Yeah, I don’t think there’s anything that I would have done in terms of coping with the experience or how we got through it. I don’t think there’s anything that I would have done differently because you can’t take away those really dark days. And I think those really dark days and the days that are better and the ways that you learned to kind of enjoy and embrace her, I think that all makes part of the story and part of the picture.

I think like anything in life, there’s good things and there’s bad things, and that makes the whole journey. Even though ours is not certainly what we would have wanted, I still think that that’s … All of those things that happened had to happen for us to get to the point of where we are.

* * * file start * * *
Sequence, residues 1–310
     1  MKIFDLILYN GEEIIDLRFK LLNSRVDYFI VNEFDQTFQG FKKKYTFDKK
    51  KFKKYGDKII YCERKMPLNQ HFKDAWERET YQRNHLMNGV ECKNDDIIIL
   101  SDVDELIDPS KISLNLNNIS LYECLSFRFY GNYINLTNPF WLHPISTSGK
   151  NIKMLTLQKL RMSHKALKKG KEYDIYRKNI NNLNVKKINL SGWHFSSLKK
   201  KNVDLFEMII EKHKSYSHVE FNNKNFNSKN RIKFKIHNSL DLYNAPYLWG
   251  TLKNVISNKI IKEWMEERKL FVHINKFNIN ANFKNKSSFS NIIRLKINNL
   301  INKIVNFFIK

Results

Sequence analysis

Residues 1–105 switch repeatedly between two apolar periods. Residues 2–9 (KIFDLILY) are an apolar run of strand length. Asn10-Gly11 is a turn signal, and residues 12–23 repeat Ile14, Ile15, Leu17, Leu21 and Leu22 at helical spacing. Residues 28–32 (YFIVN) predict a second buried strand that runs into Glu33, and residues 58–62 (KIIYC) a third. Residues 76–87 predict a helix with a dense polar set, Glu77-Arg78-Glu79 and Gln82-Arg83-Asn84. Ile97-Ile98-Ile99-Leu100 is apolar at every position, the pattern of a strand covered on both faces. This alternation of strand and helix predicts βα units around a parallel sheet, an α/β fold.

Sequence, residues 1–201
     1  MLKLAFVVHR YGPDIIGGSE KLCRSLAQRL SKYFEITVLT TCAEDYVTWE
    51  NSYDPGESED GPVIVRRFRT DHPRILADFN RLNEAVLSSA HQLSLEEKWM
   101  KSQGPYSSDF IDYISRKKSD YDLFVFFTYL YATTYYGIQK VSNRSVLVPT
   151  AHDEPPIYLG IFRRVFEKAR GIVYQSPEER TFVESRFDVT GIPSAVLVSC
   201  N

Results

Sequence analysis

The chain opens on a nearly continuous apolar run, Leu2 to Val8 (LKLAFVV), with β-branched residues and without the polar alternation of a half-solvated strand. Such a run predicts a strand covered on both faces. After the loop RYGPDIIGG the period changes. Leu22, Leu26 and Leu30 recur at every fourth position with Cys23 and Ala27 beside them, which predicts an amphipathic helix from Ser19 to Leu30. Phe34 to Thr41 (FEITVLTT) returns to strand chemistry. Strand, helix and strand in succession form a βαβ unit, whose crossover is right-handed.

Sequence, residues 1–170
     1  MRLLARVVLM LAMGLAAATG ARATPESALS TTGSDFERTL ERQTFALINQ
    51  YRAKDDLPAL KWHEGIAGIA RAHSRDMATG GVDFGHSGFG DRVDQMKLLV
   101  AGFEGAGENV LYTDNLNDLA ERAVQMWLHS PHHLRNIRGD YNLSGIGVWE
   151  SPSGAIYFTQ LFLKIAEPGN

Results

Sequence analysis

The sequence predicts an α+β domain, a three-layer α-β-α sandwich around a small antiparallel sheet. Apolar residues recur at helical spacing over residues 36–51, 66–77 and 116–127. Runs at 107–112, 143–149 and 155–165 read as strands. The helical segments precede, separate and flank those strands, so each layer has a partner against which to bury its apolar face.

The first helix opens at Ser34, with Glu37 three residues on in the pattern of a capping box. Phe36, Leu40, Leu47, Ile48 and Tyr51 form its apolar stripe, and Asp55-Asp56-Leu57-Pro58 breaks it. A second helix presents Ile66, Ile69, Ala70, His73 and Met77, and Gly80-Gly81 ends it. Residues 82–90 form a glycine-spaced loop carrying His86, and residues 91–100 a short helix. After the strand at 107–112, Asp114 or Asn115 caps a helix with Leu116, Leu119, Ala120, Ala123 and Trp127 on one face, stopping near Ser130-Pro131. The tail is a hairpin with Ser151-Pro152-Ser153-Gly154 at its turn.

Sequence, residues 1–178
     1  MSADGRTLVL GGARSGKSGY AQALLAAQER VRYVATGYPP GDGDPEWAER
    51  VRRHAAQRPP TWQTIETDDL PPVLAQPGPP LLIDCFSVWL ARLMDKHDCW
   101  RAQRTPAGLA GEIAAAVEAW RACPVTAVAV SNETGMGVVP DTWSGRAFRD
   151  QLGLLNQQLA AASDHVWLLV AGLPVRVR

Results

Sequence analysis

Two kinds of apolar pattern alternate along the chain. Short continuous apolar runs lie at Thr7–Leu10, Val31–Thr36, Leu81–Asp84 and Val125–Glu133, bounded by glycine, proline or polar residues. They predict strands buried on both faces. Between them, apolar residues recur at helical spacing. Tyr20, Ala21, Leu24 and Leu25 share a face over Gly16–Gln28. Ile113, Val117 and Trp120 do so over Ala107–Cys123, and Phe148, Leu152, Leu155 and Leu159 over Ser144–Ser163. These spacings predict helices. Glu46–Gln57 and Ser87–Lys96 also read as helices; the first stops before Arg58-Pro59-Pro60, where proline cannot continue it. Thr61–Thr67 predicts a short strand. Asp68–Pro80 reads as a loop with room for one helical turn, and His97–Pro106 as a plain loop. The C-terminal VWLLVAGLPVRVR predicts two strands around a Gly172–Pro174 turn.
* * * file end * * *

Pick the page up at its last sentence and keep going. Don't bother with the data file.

Dave:

Yeah, absolutely. Takes a while to get here and I think it’s almost 10 years since we lost her and I think it’s only been in the last three or four that we’ve really hit our stride again.

Ellen Leabeater:

Thanks for listening to the show today. For more info and transcript, visit 2SER.com/thinkhealth. This show is produced with the support of the University of Technology Sydney, Faculty of Health, and 2SER. Remember, if you want to show your love for 2SER of this supported drive, support.2ser.com is the place to go. I’m Ellen Leabeater. See you next week.

END OF TRANSCRIPT